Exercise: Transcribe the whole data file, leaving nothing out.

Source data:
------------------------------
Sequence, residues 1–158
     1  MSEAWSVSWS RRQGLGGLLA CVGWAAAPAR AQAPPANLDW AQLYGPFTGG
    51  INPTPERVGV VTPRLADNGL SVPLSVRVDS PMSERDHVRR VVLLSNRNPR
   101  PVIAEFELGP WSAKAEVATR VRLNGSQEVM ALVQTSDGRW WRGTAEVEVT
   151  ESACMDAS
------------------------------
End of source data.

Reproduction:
Sequence, residues 1–158
     1  MSEAWSVSWS RRQGLGGLLA CVGWAAAPAR AQAPPANLDW AQLYGPFTGG
    51  INPTPERVGV VTPRLADNGL SVPLSVRVDS PMSERDHVRR VVLLSNRNPR
   101  PVIAEFELGP WSAKAEVATR VRLNGSQEVM ALVQTSDGRW WRGTAEVEVT
   151  ESACMDAS